Have A Happy and Creative COVID-19 Halloween

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Photo Credit/ CDC

As the COVID-19 pandemic continues to spread throughout the United States, families and children were forced to get creative with their Halloween traditions and celebrations. The CDC released some helpful tips for trick-or-treaters and their families at the beginning of the month of October, hoping to encourage fun on Halloween, while still keeping everyone as safe as possible. 

Along with the basics of wearing a mask, staying six feet apart from the next trick-or-treater, and using hand sanitizer after picking up any candy, many communities and neighborhoods have started their own traditions, and altered the Halloween experience in their own ways. 

Trunk-or-treating became one of the most popular alternatives to the normal door-to-door trips for kids. Free of contact with any doorbells or anyone else’s hands when taking candy, along with taking place outside, made this one of the safest ways to participate in the regular Halloween activities.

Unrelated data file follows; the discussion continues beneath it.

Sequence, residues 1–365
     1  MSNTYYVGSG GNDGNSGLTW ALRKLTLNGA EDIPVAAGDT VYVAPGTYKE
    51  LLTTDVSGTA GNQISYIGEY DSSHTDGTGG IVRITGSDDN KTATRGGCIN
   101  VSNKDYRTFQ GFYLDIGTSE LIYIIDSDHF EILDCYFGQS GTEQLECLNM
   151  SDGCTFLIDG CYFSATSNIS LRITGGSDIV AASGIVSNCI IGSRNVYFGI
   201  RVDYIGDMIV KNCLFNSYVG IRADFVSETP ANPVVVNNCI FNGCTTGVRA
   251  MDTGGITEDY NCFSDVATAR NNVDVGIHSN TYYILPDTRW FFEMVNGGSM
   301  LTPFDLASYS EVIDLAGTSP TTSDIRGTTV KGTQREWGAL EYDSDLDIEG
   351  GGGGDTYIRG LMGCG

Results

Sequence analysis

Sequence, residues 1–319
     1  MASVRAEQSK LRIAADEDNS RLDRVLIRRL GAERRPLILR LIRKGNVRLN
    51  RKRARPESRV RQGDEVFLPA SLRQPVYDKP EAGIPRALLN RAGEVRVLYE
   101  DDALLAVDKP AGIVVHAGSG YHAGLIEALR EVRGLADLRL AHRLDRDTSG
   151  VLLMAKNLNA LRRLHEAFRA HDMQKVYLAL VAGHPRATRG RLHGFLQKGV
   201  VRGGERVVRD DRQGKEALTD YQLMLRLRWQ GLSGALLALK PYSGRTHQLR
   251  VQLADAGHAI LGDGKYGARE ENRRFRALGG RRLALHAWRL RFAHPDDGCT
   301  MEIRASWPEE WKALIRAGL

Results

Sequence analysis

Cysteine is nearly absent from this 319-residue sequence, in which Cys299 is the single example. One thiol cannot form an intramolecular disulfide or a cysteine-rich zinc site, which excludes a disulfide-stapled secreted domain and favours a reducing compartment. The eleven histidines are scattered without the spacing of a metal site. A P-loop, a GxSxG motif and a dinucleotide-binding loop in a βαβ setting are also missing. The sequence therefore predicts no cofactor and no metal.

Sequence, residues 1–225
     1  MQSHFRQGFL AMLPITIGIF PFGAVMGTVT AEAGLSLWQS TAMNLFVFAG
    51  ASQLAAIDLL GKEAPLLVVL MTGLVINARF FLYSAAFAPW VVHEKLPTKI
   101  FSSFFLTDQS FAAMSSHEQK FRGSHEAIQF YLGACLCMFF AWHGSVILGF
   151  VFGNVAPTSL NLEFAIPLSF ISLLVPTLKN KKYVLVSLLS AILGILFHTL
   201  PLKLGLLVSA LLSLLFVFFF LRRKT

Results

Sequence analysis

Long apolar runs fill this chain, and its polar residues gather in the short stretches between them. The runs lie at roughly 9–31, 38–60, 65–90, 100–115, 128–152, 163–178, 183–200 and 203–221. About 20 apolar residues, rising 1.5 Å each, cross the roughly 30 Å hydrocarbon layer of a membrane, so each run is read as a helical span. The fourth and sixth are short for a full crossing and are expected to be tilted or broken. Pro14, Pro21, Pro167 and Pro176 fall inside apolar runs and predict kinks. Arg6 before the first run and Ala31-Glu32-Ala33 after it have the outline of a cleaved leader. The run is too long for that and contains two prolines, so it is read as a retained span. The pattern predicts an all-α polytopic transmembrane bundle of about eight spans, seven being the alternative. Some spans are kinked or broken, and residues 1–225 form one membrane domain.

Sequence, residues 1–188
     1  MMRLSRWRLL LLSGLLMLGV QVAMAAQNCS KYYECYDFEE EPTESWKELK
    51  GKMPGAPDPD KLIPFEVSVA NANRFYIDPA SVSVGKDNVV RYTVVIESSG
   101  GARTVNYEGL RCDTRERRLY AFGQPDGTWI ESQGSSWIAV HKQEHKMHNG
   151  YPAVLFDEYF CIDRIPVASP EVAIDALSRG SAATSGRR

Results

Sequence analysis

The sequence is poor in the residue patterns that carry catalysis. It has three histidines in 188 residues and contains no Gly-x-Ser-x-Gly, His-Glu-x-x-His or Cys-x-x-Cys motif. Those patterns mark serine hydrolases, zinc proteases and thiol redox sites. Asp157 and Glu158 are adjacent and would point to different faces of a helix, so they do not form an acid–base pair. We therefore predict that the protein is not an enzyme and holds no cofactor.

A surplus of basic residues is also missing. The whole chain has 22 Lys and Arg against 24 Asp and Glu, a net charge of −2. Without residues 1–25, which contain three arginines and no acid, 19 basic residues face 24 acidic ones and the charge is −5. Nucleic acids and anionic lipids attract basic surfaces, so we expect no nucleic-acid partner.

Cars can be decorated in so many different ways, parked in a driveway, parking lot, or on the street, and costumed kids can take their own candy from the trunk. 

Another newly popular way to spread the Halloween spirit has been boo-ing. Being boo’d is more popular with neighbors because it is supposed to be an anonymous gift left on the porch of someone else. 

These boo packages can be filled with all types of candy and little gifts, and can even be paired with a ding dong ditch when delivering it. The packages can be disinfected before dropping them off, and there is not supposed to be any contact between people because it is anonymous, so boo-ing has become another safe tactic for delivering treats. 

While pumpkin patches and apple orchards are public places, they still can be kept low risk because there is a lot of space for families and groups to spread out. You can pick up your pumpkins from a safe distance and then bring them home and carve them, extending the Halloween festivities, but in the safety of your own home. 

Most unusual, though, has been the recent idea of using PVC pipes as a way to deliver candy to the kids that still arrive on the porches or walkways of houses. These “candy chutes” can be attached to the door or a window of the house, and the trick-or-treater stands on the opposite end, holding their bag and waiting for their treat to drop in. 

While it is not the most traditional way to hand out candy, it is definitely the most creative, and it gets the job done without having to come into contact with any other person. 

This year, amongst the craziness that the pandemic has brought, many people were not hopeful Halloween would happen, but they still tried to make it as normal as possible, and their creativeness helped to keep the spirit of Halloween alive.